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Bonds Are Still Living in Phillips Curve World. The Fed Isn’t.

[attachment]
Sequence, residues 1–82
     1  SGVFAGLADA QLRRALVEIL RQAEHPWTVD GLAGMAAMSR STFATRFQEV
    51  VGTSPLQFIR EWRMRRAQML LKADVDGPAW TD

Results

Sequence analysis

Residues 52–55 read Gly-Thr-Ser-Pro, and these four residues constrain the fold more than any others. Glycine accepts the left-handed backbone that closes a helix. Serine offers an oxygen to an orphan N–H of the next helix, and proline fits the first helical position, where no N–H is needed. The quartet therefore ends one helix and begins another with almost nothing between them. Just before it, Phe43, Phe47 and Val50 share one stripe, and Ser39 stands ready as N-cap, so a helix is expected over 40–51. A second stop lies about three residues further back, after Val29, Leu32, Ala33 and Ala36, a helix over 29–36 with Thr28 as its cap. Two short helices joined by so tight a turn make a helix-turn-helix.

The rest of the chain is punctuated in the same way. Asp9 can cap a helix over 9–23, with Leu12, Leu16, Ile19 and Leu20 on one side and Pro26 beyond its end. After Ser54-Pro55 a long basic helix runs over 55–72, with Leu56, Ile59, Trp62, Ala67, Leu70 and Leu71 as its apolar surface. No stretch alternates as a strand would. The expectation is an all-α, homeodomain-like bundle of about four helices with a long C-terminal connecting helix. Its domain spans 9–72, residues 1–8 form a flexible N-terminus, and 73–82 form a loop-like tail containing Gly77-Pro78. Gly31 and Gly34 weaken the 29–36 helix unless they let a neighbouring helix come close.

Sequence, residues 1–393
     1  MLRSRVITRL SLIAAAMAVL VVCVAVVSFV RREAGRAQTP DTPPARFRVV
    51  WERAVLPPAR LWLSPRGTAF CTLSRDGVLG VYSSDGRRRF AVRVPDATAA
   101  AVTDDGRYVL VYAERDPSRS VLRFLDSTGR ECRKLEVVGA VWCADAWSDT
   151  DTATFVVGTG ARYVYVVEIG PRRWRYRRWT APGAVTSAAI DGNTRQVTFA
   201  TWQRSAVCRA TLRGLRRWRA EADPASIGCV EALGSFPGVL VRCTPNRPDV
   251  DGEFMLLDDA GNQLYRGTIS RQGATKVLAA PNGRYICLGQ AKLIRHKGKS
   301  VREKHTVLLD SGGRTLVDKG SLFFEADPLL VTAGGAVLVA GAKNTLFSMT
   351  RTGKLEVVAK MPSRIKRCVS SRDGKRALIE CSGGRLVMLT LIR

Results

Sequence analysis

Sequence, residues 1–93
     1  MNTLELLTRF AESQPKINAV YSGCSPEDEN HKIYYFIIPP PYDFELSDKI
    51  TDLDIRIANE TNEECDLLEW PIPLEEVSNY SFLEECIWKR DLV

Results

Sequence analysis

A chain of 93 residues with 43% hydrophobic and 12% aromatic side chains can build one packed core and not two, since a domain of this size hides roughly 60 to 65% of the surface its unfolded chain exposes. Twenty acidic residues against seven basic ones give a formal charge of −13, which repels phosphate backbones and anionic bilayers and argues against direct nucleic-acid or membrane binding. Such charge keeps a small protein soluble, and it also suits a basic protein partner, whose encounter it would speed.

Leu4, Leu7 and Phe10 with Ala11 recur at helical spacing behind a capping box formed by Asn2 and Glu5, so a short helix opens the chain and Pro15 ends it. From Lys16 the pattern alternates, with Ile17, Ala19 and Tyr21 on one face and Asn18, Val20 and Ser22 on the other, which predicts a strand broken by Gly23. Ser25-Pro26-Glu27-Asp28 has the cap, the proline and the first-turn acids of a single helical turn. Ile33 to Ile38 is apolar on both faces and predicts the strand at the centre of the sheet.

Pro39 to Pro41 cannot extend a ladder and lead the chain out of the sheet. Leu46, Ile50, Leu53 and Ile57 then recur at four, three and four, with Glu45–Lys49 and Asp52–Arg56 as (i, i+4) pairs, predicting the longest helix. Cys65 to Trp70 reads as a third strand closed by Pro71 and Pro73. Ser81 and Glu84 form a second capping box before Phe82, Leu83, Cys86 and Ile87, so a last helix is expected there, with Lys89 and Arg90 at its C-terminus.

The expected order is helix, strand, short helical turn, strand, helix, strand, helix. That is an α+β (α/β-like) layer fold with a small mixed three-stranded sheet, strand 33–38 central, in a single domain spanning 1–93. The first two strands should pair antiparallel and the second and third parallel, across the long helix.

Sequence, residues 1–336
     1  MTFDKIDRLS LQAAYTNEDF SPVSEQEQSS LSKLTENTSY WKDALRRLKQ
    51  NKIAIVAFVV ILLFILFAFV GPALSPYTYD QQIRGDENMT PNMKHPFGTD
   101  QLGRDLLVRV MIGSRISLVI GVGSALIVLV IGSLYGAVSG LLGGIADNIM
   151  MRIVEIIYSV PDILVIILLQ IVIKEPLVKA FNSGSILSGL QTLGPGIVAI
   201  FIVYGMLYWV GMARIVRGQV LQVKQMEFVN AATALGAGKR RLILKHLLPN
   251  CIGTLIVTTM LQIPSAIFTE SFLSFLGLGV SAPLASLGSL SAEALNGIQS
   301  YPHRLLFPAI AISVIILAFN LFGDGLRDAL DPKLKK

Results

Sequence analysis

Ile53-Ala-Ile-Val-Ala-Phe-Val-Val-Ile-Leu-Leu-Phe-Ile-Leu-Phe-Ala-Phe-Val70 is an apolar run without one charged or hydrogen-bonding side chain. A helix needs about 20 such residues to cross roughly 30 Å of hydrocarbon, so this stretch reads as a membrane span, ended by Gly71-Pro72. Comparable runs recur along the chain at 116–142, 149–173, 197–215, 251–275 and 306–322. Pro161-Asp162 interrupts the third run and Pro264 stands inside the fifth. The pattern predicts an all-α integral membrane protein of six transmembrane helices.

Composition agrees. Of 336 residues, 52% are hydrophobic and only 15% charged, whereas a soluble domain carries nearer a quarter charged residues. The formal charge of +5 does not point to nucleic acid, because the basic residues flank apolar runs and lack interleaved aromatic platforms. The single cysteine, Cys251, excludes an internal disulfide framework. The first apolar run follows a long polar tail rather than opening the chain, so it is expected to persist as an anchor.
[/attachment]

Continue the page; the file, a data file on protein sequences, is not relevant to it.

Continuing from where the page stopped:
Bonds Are Still Living in Phillips Curve World. The Fed Isn’t. The yield on 10-year Treasuries surged as much as 17 basis points after a strong jobs report, signaling the markets are still taking their cues from an economic idea that’s been around since the 1950s. The Phillips Curve, a key theory in economics, suggests that there is an inverse relationship between unemployment and inflation. In other words, as unemployment falls, inflation rises, and vice versa. This concept has been central to monetary policy for decades, with central banks using it to guide interest rates and inflation expectations. However, in recent years, this relationship has weakened, leading some to question the continued relevance of the Phillips Curve. Despite that, the markets still seem to believe in its power, as evidenced by the reaction to the jobs report. The strong jobs report showed that the U.S. economy added 943,000 jobs in July, well above economists’ expectations. This suggests that the labor market is recovering faster than anticipated, which could potentially fuel inflationary pressures. Following the release of the report, the yield on 10-year Treasuries, a key benchmark for borrowing costs, spiked. This indicates that investors are anticipating higher inflation and adjusting their expectations accordingly. The reaction from the bond market aligns with the traditional thinking of the Phillips Curve. As the labor market tightens and unemployment falls, the theory suggests that inflation should rise. In response, bond yields increase to compensate for the expected rise in inflation, as investors demand higher returns to protect against eroding purchasing power. However, the Federal Reserve seems to be operating in a different world. Despite the strong jobs report, the central bank remains committed to its dovish stance, suggesting that it is not overly concerned about inflationary pressures at the moment. The Fed’s focus on achieving maximum employment and its willingness to let inflation run above its target of 2% indicate that it is not following the traditional Phillips Curve framework. Instead, it appears to be prioritizing economic recovery and ensuring that the labor market rebounds fully before tightening monetary policy. This divergence between the bond market and the Fed highlights the ongoing debate about the relevance of the Phillips Curve. While the bond market is still heavily influenced by the theory, the central bank seems to be adopting a more nuanced approach. One possible explanation for the divergence is that the Phillips Curve may not be capturing the full complexity of the labor market and inflation dynamics. Factors such as technological advancements, globalization, and changes in worker bargaining power may be influencing these relationships in ways that are not fully captured by the traditional framework. Another factor to consider is the impact of unconventional monetary policy measures, such as quantitative easing, on inflation dynamics. The massive bond-buying programs implemented by central banks in response to the global financial crisis and the Covid-19 pandemic may have distorted the traditional relationship between unemployment and inflation. Additionally, the Fed’s commitment to forward guidance and its efforts to be more transparent in its decision-making process may have also contributed to the discrepancy. By clearly communicating its intentions and signaling that it will not be quick to raise interest rates, the central bank may be influencing market expectations and dampening the impact of the jobs report on bond yields. Regardless of the reasons for the disconnect, it is clear that the bond market is still living in a Phillips Curve world. The reaction to the jobs report suggests that investors are still relying on this concept to guide their investment decisions. However, it remains to be seen whether this reliance will continue to hold true in the face of changing economic dynamics and the Fed’s evolving approach to monetary policy. As the labor market continues to recover and inflationary pressures build, it will be interesting to see how the relationship between the bond market and the central bank evolves. In conclusion, while the bond market seems to still believe in the power of the Phillips Curve, the Federal Reserve is taking a different approach. The divergence between the two highlights the ongoing debate about the relevance of the theory in today’s economic environment. As the economy continues to recover and inflation expectations evolve, it will be important to reassess the validity of the Phillips Curve and its implications for monetary policy.

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